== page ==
Accurate alignment of the mechanical axis of the limb is important to the success of a total knee arthroplasty. Although computer-assisted navigation systems can align implants more accurately than traditional mechanical guides, the ideal technique to determine the distal end point of the mechanical axis, the center of the ankle, is unknown. In this study, we evaluated the accuracy, precision, objectivity, and speed of five anatomic methods and two kinematic methods for estimating the ankle center in 11 healthy subjects. Magnetic resonance images were used to characterize the shape of the ankle and establish the true ankle center. The most accurate and precise anatomic method was establishing the midpoint of the most medial and most lateral aspects of the malleoli (4.5 +/- 4.1 mm lateral error; 2.7 +/- 4.5 mm posterior error). A biaxial model of the ankle (2.0 +/- 6.4 mm medial error; 0.3 +/- 7.6 mm anterior error) was the most accurate kinematic method. Establishing the midpoint of the most medial and most lateral aspects of the malleoli was an accurate, precise, objective, and fast method for establishing the center of the ankle.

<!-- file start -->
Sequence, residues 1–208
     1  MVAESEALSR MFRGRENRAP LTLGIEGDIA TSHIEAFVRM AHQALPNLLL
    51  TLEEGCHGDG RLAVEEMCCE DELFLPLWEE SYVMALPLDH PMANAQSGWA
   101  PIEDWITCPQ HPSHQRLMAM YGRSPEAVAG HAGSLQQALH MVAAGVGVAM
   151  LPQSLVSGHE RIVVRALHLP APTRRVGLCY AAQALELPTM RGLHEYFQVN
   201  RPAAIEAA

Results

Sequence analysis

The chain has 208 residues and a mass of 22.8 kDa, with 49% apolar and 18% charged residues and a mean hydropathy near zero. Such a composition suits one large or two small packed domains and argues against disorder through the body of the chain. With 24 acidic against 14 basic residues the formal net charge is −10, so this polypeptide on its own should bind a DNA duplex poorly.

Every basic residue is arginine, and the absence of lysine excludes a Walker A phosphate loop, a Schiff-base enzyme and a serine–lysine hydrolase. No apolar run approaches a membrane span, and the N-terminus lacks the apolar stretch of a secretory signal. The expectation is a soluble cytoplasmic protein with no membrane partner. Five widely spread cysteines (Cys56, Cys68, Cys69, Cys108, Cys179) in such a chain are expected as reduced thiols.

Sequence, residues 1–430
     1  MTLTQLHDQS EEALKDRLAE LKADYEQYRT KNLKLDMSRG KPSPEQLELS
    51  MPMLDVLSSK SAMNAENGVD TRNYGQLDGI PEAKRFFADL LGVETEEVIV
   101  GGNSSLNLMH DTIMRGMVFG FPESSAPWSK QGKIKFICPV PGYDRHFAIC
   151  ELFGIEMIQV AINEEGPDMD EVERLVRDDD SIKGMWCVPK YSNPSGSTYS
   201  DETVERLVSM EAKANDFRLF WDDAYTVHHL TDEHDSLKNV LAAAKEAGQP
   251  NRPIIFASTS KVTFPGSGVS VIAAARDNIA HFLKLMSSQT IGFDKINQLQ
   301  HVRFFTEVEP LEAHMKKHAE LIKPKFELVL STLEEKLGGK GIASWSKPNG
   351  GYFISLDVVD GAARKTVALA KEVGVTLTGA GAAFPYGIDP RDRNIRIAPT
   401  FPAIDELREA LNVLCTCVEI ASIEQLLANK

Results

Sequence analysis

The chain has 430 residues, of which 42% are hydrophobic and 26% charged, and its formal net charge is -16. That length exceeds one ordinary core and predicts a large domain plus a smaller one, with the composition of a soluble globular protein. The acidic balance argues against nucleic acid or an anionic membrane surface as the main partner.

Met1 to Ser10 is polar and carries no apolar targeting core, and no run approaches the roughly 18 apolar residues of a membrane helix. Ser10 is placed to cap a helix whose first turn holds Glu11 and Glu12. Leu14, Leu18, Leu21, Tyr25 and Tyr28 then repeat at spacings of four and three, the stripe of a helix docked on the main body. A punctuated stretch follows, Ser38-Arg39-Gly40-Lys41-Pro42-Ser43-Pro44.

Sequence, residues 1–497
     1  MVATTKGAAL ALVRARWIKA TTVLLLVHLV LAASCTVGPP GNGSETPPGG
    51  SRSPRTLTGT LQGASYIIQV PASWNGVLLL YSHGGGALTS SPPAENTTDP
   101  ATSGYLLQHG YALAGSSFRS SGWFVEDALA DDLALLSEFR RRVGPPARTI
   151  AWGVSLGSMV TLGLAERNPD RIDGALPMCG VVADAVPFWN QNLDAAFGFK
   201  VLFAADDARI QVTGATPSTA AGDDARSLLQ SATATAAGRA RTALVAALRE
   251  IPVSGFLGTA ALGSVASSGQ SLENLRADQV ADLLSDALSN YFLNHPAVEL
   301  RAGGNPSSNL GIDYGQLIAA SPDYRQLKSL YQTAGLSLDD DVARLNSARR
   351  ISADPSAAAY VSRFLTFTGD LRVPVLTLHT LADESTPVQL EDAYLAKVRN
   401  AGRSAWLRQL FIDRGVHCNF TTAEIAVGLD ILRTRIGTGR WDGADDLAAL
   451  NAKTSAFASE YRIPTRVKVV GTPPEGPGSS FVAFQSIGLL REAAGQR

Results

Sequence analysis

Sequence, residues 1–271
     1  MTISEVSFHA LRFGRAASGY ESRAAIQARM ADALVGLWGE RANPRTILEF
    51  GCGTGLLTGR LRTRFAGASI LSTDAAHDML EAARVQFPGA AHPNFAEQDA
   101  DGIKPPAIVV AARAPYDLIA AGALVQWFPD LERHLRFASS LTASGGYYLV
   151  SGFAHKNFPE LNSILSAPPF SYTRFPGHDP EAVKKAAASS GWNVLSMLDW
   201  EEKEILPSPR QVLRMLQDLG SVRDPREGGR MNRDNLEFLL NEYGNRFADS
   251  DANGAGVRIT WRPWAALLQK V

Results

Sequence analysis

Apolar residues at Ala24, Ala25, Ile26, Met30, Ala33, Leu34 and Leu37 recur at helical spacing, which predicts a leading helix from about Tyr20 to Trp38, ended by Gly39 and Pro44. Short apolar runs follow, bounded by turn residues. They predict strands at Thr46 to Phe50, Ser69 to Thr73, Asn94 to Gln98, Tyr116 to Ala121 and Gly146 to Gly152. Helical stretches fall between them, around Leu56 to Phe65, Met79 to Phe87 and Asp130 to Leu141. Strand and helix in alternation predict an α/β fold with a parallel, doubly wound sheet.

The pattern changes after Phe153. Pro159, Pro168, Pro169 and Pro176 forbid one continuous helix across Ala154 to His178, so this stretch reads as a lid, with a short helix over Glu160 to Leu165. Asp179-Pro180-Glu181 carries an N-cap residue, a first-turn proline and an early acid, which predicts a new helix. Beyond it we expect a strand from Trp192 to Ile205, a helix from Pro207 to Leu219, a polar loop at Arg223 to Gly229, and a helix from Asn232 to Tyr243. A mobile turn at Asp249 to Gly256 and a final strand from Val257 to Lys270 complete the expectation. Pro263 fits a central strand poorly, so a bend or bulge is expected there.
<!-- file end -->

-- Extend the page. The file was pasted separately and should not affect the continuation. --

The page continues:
View details for DOI 10.1097/01.blo.0000170873.88306.56
View details for PubMedID 16205151